I've got a big plan to build a all singing & dancing lighting (& automation) system for our new home, and decided to use Arduino to act as controller unit (with lots of IO). I got hold of an Arduino board, and within a few hours of playing with it, I've got my own code on the Arduino now switching on/off a couple of relays based on other sensors. Next, in order to control the lighting from a tablet or phone, I wanted some way to address the Arduino via an IP network, some JSON API or something. One option is to get the Ethernet shield for Arduino, but as it was as expensive as a Raspberri Pi, I opted to buy the Pi. In again less than two hours of playing, I've got my RPi up and running with an Apache web server that I can interact with. The point is this: In under a week elapsed time (including shipping!), just spending a few hours in the evening in front of the TV, with no prior knowledge of Arduino or Raspberry Pi or even any prior Linux experience, it was eas

My light bulbs now respond to HTTP requests

I recently bought Hue Light bulbs , and I am very excited about the possibilities of these bulbs. And, as hoped, they can (subject to deep pockets as they cost £50 per bulb!) become the backbone of a nice lighting system @ home. Essentially, these are LED light bulbs that just screw into a 220V light bulb socket. (Cheap, compact bayonet cap converters are available .) They switch on/off like a normal light bulb, but save a bit of energy and fade in/out so it's a bit nicer. But wait. There's more. They can change colour too. And all can be controlled by an iPhone or Android app. And the idea is that you can set up a scene that has one corner of your room a bit more red, and the rest a bit more orange so that you get the feeling the sun is setting right in your living room, or blue & white to remind you of your Greek holiday... Technically, the bulbs contain some Zigbee 2-way device to device communication that talks to the Philips Hue hub. The hub connects via Ether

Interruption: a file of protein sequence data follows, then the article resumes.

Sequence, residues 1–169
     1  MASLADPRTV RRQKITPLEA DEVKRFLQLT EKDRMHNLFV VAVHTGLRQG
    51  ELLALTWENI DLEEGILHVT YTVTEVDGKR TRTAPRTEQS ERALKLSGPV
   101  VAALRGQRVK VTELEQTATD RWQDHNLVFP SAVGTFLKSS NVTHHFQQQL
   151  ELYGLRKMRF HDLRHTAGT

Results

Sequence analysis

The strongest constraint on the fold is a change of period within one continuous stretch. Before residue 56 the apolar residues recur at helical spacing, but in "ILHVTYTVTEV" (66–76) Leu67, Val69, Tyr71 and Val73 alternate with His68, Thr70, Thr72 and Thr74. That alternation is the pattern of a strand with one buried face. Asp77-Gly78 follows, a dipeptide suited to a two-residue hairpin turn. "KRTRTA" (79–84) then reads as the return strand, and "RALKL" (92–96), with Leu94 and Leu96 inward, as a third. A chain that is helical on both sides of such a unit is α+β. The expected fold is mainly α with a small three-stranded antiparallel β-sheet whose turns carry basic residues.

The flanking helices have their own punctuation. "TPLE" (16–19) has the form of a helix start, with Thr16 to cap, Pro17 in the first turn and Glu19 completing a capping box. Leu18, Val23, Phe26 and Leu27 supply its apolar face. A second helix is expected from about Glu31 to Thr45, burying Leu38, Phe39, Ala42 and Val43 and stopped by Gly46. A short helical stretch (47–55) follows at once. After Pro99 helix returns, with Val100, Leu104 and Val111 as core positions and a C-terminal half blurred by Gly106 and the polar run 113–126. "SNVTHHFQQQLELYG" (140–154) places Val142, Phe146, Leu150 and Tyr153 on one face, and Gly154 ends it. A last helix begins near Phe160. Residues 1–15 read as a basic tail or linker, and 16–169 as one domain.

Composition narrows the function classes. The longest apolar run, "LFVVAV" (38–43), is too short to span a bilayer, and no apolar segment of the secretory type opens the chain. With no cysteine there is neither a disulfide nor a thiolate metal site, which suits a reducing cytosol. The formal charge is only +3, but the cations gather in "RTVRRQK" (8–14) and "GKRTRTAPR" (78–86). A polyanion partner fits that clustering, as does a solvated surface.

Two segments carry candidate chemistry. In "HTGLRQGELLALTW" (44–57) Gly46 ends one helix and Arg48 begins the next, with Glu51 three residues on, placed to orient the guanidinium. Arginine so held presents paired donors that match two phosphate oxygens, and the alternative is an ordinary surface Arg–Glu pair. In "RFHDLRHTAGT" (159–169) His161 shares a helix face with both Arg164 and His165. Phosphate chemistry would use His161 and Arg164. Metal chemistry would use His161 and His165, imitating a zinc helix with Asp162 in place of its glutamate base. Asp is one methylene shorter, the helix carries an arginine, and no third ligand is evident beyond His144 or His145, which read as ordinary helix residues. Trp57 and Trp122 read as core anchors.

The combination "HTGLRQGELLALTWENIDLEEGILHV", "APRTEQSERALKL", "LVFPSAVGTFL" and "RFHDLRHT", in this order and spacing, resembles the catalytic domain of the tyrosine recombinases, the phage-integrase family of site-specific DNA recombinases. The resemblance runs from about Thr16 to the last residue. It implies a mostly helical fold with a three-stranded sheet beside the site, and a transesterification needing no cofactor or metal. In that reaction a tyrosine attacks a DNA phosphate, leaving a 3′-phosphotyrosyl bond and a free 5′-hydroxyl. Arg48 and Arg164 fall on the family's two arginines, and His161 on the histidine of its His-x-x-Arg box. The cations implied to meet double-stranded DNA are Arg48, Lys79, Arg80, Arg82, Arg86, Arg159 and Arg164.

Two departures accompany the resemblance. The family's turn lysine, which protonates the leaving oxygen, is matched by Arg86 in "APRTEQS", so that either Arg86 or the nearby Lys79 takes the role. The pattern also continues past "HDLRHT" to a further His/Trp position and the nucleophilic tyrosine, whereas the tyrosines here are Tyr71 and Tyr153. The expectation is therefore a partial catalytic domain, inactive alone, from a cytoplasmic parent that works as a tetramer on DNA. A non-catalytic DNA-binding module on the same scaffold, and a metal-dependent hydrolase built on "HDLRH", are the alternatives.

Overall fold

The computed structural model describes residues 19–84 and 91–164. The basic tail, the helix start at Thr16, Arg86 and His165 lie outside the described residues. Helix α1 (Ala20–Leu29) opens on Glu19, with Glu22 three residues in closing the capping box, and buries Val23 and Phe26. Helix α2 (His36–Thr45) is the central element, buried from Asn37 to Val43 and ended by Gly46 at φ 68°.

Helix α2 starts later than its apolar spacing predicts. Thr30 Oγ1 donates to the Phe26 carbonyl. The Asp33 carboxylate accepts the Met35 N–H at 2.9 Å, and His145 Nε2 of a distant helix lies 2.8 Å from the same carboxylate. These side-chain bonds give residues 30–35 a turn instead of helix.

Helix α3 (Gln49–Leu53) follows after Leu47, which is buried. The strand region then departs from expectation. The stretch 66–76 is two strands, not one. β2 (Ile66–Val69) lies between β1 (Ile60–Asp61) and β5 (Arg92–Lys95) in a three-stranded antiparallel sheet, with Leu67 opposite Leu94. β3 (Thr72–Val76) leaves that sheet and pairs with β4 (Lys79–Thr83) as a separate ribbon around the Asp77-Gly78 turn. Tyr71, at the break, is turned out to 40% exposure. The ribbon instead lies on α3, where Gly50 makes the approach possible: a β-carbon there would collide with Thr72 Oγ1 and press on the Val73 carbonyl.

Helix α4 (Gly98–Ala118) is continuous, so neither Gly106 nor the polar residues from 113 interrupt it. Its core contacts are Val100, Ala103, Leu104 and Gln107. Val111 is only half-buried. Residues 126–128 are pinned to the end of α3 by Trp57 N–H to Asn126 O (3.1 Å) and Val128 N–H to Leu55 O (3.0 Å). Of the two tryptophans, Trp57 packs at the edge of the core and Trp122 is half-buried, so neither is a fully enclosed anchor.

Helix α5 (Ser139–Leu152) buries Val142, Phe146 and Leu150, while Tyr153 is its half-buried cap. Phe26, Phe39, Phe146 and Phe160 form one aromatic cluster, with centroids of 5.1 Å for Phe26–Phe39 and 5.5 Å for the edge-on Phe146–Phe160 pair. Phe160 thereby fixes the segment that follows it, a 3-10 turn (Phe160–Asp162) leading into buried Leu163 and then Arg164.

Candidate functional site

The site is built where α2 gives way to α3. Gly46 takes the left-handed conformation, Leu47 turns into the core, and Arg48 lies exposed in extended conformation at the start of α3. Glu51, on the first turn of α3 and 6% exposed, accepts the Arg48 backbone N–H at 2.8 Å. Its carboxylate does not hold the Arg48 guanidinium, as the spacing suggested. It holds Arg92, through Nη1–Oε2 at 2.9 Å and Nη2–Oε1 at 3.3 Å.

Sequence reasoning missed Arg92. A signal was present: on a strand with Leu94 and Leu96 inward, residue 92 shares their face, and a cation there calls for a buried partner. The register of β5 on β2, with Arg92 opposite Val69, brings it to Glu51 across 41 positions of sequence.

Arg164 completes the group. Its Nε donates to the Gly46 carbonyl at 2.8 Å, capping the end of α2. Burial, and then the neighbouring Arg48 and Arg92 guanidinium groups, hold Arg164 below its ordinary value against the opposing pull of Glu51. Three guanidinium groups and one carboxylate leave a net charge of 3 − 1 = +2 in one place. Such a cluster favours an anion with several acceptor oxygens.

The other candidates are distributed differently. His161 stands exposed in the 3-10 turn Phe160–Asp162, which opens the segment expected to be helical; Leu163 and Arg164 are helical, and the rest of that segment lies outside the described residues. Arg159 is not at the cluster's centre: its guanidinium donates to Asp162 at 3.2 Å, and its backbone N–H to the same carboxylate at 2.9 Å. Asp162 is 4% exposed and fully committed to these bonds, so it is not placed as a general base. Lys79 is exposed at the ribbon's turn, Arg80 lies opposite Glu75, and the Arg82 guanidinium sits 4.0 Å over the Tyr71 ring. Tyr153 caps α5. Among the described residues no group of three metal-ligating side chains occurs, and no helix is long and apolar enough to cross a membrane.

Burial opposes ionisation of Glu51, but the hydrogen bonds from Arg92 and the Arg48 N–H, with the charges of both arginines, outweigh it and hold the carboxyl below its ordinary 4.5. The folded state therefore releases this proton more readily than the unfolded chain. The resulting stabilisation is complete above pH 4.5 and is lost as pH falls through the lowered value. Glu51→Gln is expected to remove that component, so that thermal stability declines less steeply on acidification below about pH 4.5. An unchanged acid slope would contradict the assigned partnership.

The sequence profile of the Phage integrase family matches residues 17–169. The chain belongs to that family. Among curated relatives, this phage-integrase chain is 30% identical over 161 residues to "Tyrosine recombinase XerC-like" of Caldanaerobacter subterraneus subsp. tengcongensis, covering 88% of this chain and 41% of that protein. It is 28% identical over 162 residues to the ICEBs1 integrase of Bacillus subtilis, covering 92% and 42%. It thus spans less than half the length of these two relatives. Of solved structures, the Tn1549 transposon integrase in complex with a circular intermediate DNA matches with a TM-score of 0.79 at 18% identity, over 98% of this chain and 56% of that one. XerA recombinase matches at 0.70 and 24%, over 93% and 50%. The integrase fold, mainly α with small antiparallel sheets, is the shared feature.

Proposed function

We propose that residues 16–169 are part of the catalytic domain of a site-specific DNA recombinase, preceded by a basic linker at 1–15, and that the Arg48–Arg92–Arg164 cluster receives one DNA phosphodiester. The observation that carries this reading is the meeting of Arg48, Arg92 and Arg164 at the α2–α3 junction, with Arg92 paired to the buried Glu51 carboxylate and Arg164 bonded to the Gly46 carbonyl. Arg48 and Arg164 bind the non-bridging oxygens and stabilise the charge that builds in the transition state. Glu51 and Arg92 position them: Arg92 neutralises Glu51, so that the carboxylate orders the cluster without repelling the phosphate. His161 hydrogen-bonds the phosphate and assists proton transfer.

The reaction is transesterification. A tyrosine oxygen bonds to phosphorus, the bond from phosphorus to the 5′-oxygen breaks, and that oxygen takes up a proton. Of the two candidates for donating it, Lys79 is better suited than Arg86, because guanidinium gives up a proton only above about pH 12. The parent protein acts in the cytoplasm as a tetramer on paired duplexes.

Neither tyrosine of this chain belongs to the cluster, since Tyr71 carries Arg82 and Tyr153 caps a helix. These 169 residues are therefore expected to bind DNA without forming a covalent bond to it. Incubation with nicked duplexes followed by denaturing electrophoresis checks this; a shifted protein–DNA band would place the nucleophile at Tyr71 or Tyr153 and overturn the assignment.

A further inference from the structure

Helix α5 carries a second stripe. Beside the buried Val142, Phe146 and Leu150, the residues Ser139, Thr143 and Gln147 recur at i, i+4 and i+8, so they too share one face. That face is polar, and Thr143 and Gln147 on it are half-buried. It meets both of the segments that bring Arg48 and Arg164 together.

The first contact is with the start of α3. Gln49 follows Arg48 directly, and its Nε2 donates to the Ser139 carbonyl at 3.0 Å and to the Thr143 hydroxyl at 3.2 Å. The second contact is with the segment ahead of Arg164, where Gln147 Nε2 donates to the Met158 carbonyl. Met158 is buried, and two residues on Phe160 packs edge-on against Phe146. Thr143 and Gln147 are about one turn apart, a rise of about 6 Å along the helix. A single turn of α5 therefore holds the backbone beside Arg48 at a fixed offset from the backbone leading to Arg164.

My Chromebook now does dual screen

On turning on my Chromebook at work today (I don't bother brining my Mac to work any more), I noticed that, instead of the usual screen mirror or switch, I can now view my desktop on *both* my Chromebook screen and external monitor with no problem... at full resolution, just like what Windows or a Mac could do. If you spend most of your time on the web, a Chromebook really becomes more and more compelling!

Science of persuasion

Thanks for the tip  +Allister Frost  - the "Science of persuasion" is a good reminder of the things we could be doing every day to increase our ability to influence.